You might recall in December we shared this crazy awesome Fallout 3 fan art from Japanese artist White Lotus. Today Tetsu Takahasi, head of ZeniMax Asia, emailed me White Lotus’ latest work (and my newest desktop wallpaper) — a tribute to Oblivion and The Shivering Isles. Amazing stuff!
Tetsu also let me know that a localized version of Oblivion Game of the Year Edition is coming to Japan on April 22nd — for both Xbox 360 and PlayStation 3.
Today we’ve got about 20-something new images up in our Fan Art section — including art inspired by WET. The one above comes from a nice chap named Joseph that emailed Bethblog. He’s got a couple more images, plus we shared some images spotted at DeviantArt that were forwarded to me by one of the guys at A2M.
Kris Graft: What about accessibility? You guys have a background in hardcore shooters, but I’ve always thought that something like Valve’s Team Fortress 2, for example, is a shooter that somebody who’s not good at shooters can still play.
ES: Well, that’s why we hired Richard Ham. He was one of the co-creators of Syphon Filter. He put The Sims on the consoles, which as far as I’m concerned is a superpower. That is a certifiable achievement. And he just finished Fable 2. He is brilliant at taking a system and making it easy to get into.
In WET news, Play Magazine has a new feature on Gaming’s New Girls — featuring the game’s lead character, Rubi Malone. WET also gets a mention (as does Rogue Warrior) in a new BBC article discussing Hollywood stars becoming involved in gaming.
In id Software news, in preparation for QuakeCon 2009, there’s a new YouTube video with CEO Todd Hollenshead making wagers with the QuakeCon Girls. If you’re attending the show, you’ll be able to find out who wins the best. Elsewhere, WebDesignDev has a list of the 30 Most Influential People in Programming that includes John Carmack on the list.
Wanted to let you guys know we added new Fan Art to Bethesda Blog this week — including contributions from Raven Hall, Maya Brisa, Berit Jurda, Emma, Chimer Warrior and Anku Greedo. The image above is one of many new submissions from Anku Greedo — both for Fallout and The Elder Scrolls.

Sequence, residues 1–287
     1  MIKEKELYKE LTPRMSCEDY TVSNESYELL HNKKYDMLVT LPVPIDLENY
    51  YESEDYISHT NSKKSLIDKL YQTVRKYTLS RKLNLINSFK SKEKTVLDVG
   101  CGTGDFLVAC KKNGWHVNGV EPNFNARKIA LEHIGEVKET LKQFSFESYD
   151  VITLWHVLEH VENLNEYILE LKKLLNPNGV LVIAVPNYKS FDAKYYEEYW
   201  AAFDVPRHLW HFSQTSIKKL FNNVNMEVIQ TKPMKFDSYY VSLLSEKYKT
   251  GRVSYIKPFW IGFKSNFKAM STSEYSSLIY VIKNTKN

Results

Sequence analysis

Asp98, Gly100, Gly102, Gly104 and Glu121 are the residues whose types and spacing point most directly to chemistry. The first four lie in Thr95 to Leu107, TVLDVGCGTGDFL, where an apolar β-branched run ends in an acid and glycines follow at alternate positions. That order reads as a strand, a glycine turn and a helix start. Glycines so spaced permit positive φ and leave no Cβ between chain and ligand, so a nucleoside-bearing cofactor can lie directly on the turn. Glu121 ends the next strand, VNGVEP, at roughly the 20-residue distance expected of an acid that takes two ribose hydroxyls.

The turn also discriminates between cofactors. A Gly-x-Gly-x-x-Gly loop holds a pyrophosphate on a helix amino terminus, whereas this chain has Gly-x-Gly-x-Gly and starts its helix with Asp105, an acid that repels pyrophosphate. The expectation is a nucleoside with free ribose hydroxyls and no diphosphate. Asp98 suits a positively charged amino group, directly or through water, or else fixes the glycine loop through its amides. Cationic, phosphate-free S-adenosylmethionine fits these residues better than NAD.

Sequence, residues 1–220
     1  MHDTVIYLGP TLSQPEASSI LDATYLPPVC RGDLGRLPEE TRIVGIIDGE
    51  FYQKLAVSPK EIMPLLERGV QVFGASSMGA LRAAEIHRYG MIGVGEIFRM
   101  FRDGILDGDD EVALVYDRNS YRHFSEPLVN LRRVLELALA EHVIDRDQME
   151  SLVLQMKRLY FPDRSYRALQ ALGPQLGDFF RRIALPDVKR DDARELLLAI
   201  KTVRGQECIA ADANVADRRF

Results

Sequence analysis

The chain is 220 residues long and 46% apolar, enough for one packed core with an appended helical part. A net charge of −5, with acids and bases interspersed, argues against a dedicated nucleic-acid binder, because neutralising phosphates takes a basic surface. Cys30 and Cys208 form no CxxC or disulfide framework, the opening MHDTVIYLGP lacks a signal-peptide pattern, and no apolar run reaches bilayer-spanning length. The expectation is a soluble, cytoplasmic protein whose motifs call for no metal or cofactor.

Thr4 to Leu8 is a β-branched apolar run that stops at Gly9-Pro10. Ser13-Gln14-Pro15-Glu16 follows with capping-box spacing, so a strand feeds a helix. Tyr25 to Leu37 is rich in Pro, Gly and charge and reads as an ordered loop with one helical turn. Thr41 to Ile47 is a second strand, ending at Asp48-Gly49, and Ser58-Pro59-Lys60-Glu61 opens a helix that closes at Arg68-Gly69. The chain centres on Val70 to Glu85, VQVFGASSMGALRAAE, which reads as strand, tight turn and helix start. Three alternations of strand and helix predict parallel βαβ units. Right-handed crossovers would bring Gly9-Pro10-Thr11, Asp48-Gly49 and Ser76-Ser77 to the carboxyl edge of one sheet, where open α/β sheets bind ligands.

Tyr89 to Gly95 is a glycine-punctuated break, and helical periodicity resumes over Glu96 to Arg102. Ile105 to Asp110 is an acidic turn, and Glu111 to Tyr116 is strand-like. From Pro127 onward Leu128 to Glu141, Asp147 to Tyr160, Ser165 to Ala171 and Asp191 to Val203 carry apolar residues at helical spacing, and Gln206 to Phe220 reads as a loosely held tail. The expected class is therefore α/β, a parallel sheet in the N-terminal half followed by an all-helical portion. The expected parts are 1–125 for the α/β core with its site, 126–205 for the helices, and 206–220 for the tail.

If you’ve got a fan art and you’d like to submit it to Bethesda Blog, send us an email. And a reminder, we continue to welcome submissions for our Community Scrapbook of characters resembling/modelled after celebrities.
Inauguration here in DC has come and gone, and now our new President is hard at work on making change — both in the real world and in the Capital Wasteland. I had a few community members send me messages about the painting made by Dan Lacy. Speaking for everyone here, we’re speechless.
Moving on, two interesting op/eds you might want to read. First, at NPR, writer Glenn McDonald revisits the often brought up argument of whether games can be considered art. In his piece, he argues in favor of games being art and uses Fallout 3 as apart of his argument. Here’s a snippet:
“The images of the decimated DC skyline are genuinely haunting, and console graphics have now evolved to the point where you’re having a very-near-cinematic experience. The game is scored musically, just as a film would be, and the various cut scenes and combat reenactments follow the tropes of action cinema in a knowing “wink-wink” kind of way.”
The other piece I found interesting is Duncan Fyfe’s column at GameSetWatch comparing Fallout 3 to James Joyce’s collection of short stories — called the Dubliners. Previously unfamilar with the stories, I’ll be checking them out soon.
Over in our Fan Art section, we added a few new submissions that you guys have sent to us. Lots of great stuff!
I particularly enjoyed this drawing of Butch Deloria by Maya Brisa — one of our regular contributors. Butch holds a place near and dear to my heart, as I did some of the temporary voice work for him before we put the final voice work in the game. It’s safe to say the game improved the day that happened.
Wanna see your fan art on Bethesda Blog? Send us an email.
Fallout fan Rob Schuster sent me an email sharing his experience getting a Fallout tattoo. Above is the final product. According to Rob, he just felt it was time to “honor the greatest game series of all-time.” The tattoo was inked by Tommy Partin at Designs by Dana (Cincinnati, Ohio). As you can see, the tattoo is quite large, measuring in at 4 1/2″ by 5″.
Hit the jump below to see the painful process (those afraid of needles can just admire the final product above).